New Zealand’s largest organic apple producer says it cannot keep up with the Chinese demand for New Zealand’s newest apple, Dazzle.
Bostock New Zealand owner John Bostock says Dazzle is the best apple he has ever grown organically in his 30 years of growing organic apples.
“Without any doubt, I believe this is the best apple since the worldwide domination of New Zealand Royal Gala. It looks and tastes amazing, it’s bright red and sweet and it also yields and packs well.”
It’s the first year the company has had commercial volumes of organic Dazzle apples available for Chinese retailers. . .
Nats hit the rural hustings – Mark Daniel:
National’s Waikato team of David Bennett and Tim van der Molen have been spreading the party word at a series of farmer meetings around the region.
Bennett, now the party’s agriculture spokesman, following Todd Muller’s recent move to leader, focused on the issues likely to affect agriculture. He claimed National’s ag polices aimed to drive momentum.
Starting out by commending the current Government’s handling of the Covid-19 pandemic, Bennett raised the question of how New Zealand will pay its bills in the future. He intimidated that the current Labour/NZ First coalition’s policies were reactionary, rather than visionary.
With all the major political parties agreeing that sustainable agriculture, horticulture and viticulture will be vital in a post-Covid future, Bennett suggested that the current drive for sustainability needs to be addressed. . .
Honey business finds sweet spot – Colin Williscroft:
When James Annabell’s budding rugby career wasn’t quite going the way he hoped the former Taranaki Bulls hooker put his drive into honey, which has led to the development of a multimillion dollar business, as Colin Williscroft reports.
James Annabell was back in Taranaki on a break from playing rugby in Hong Kong when the chance that changed his life came along.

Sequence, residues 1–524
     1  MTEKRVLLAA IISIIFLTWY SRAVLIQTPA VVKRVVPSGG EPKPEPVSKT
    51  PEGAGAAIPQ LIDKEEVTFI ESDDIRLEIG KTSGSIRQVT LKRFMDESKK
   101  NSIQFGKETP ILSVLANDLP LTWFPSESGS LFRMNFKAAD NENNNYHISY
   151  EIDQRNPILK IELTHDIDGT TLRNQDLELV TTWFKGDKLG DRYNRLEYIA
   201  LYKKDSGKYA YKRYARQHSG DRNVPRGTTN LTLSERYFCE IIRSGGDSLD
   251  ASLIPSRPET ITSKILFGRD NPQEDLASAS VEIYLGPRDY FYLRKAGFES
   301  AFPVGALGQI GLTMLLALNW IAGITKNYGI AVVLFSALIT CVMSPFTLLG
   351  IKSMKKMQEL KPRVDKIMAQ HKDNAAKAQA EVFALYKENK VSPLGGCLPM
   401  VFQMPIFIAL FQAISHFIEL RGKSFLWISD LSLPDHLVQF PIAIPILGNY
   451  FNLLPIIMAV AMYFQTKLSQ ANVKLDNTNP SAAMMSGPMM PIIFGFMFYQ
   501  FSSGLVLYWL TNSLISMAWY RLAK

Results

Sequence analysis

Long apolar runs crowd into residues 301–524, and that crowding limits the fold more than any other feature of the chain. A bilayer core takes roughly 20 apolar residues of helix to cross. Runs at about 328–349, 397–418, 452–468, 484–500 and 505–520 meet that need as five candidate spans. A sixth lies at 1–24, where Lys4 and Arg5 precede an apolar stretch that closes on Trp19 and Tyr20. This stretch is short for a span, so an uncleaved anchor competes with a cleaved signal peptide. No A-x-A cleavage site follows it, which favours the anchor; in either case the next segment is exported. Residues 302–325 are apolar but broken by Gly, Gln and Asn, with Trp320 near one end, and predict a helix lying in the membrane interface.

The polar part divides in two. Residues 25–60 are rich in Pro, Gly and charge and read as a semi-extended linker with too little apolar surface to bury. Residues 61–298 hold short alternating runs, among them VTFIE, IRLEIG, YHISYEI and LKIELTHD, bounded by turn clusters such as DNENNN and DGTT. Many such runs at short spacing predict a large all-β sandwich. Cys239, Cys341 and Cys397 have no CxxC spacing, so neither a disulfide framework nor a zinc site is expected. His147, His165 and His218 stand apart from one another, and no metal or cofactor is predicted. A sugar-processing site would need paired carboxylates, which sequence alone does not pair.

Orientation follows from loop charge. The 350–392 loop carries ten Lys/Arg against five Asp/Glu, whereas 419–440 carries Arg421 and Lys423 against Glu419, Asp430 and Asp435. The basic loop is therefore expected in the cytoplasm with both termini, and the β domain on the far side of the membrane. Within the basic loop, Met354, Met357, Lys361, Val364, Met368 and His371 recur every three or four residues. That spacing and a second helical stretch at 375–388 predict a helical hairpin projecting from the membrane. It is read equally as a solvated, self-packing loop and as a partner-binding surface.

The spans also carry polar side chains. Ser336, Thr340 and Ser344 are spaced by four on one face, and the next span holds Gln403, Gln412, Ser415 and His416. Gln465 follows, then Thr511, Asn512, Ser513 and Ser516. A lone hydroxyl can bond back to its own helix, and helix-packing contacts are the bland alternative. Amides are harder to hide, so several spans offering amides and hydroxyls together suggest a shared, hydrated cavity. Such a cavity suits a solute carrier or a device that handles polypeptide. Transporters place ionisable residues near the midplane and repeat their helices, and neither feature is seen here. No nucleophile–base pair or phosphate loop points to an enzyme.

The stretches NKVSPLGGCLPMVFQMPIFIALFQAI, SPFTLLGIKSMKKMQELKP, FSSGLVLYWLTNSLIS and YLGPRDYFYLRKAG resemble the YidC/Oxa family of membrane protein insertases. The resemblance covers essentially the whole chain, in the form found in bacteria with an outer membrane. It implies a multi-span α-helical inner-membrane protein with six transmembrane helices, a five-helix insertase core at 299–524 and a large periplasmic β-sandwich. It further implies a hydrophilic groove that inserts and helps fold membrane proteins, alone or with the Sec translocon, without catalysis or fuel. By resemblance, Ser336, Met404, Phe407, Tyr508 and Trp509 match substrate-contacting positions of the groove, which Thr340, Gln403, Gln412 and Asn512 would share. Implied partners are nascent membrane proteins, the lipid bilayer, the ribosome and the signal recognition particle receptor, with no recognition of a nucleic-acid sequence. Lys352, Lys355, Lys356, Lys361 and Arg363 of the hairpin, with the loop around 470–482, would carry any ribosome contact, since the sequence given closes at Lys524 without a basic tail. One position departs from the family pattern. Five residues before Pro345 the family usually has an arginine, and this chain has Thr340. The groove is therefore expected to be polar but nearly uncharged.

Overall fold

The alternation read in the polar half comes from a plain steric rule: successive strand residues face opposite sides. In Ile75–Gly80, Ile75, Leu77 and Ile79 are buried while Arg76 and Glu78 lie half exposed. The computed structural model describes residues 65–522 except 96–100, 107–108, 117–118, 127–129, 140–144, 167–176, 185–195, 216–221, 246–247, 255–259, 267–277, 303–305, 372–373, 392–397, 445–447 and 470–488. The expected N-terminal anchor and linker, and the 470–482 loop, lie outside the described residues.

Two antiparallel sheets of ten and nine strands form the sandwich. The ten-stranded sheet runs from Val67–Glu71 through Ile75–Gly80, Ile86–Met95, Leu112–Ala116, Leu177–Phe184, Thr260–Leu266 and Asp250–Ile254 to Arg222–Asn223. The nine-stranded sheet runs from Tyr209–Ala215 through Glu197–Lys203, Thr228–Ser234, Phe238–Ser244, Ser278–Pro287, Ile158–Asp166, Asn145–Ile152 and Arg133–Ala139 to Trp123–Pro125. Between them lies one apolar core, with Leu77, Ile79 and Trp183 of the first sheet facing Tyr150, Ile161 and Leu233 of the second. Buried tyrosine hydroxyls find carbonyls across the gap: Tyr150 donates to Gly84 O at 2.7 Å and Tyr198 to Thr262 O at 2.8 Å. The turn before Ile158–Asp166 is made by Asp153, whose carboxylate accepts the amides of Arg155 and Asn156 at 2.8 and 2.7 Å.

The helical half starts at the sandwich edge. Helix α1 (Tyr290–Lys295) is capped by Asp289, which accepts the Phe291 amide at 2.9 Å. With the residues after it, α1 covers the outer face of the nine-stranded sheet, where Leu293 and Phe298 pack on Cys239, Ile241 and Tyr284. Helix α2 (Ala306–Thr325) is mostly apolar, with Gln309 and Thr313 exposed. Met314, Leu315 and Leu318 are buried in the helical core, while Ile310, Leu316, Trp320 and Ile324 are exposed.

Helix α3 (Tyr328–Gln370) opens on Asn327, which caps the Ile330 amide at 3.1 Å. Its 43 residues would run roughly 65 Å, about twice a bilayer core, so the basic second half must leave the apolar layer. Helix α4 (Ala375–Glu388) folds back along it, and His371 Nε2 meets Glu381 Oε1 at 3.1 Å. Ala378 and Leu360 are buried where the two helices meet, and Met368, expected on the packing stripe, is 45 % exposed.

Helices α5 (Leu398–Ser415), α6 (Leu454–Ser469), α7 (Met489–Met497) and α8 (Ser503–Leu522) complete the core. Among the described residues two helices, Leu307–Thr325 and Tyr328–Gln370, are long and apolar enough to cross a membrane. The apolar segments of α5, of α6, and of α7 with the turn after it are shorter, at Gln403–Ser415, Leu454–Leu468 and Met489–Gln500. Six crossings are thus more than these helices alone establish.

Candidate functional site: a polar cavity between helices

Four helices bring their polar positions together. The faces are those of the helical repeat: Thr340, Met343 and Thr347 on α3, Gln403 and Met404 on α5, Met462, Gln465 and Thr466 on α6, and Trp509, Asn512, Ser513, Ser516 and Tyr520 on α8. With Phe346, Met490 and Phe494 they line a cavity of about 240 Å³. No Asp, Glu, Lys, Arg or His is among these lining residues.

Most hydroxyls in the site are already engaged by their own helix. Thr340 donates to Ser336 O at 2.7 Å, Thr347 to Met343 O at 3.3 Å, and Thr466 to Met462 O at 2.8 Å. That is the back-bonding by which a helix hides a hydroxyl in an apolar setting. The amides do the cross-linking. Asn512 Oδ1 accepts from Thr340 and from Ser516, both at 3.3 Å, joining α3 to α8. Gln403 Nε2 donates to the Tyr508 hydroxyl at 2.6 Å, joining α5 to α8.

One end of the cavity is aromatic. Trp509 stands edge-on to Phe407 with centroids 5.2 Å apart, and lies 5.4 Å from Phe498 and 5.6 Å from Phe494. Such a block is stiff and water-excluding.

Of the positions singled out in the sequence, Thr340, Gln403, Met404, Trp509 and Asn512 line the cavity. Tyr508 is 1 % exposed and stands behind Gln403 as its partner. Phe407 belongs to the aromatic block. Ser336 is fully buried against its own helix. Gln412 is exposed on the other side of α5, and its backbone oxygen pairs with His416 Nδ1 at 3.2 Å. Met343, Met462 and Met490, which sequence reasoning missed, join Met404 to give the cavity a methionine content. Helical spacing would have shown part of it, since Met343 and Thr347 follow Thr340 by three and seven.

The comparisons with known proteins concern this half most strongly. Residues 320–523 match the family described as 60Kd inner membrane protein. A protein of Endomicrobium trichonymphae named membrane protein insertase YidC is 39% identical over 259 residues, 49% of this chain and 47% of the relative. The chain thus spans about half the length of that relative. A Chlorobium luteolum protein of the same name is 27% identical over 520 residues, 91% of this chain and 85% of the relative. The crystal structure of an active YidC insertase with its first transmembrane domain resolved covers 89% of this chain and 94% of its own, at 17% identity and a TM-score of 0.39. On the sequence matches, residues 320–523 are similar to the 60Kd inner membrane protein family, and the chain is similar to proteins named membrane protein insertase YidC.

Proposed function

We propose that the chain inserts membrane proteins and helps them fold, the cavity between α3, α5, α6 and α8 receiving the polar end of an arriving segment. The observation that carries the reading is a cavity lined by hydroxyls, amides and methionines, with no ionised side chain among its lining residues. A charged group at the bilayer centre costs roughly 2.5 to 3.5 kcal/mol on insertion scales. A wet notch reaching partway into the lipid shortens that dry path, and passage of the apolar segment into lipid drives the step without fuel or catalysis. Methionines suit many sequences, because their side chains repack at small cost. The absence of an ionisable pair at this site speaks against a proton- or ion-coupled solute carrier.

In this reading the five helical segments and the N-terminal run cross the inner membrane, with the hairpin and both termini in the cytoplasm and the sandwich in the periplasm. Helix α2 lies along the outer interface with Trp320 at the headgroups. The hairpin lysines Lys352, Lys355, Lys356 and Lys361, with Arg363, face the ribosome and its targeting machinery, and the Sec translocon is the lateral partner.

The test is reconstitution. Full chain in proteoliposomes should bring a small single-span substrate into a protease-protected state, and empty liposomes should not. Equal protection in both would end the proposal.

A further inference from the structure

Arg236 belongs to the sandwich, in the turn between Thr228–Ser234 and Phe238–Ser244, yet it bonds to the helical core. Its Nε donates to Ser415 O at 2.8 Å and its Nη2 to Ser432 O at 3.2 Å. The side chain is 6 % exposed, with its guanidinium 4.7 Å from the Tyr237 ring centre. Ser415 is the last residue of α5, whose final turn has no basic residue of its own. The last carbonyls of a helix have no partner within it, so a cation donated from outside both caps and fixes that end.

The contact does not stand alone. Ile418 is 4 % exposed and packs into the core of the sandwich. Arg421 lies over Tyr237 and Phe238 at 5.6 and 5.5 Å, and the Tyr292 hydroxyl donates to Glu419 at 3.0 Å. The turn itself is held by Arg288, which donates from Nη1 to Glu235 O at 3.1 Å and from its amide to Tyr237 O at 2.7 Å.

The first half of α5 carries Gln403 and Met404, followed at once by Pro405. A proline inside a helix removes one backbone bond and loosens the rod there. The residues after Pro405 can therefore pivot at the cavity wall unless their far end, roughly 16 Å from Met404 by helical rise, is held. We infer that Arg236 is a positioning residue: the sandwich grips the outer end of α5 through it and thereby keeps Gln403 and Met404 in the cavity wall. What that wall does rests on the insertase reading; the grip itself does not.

He’d already tried a law degree in Wellington and played rugby for Taranaki from 2006 to 2008.
But there was no regional contract on offer the following year so he went to Hong Kong and Germany to continue with rugby. . .
Adventure, experience affords view of pig picture – George Clark:
From his travels and experience in pig farming, Ian Jackson knew he was going to breed pigs in the open air.
A Scot by birth, he was brought up on a pig and poultry farm in the UK. Uninterested in poultry, he specialised in pigs at Usk Agricultural College.
After working in the UK pig industry, he was eager to see the world and set off on an adventure with a tent on his back, wandering across Europe and then to Australia and New Zealand.
Mr Jackson met Kiwi wife Linda 21 years ago this month. She had never lived on a farm and did not know anything about pigs. . .
Food service finds new pathway – Hugh Stringleman:
A refreshed strategy for its food service business is being introduced by Fonterra to counter the disruption caused by covid-19 to eating out in restaurants and hotels.
Food service revenue is bouncing back, especially in the number one market of China, but positioning has changed, Asia and the Pacific chief executive Judith Swales told a webinar for Fonterra shareholders.
Covid-19 has accelerated trends already apparent in the market like more home cooking, outsourcing in food preparation, more home delivery and investment in digital and contactless technologies. . .
Mass tree planting to mitigate climate change is ‘not always the best strategy’ – with some experimental sites failing to increase carbon stocks, researchers say.
Four locations in Scotland where birch trees were planted onto heather moorland was analysed as part of a new study involving UK scientists.
They found that, over decades, there was no net increase in ecosystem carbon storage.
The team found that any increase to carbon storage in tree biomass was offset by a loss of carbon stored in the soil. . .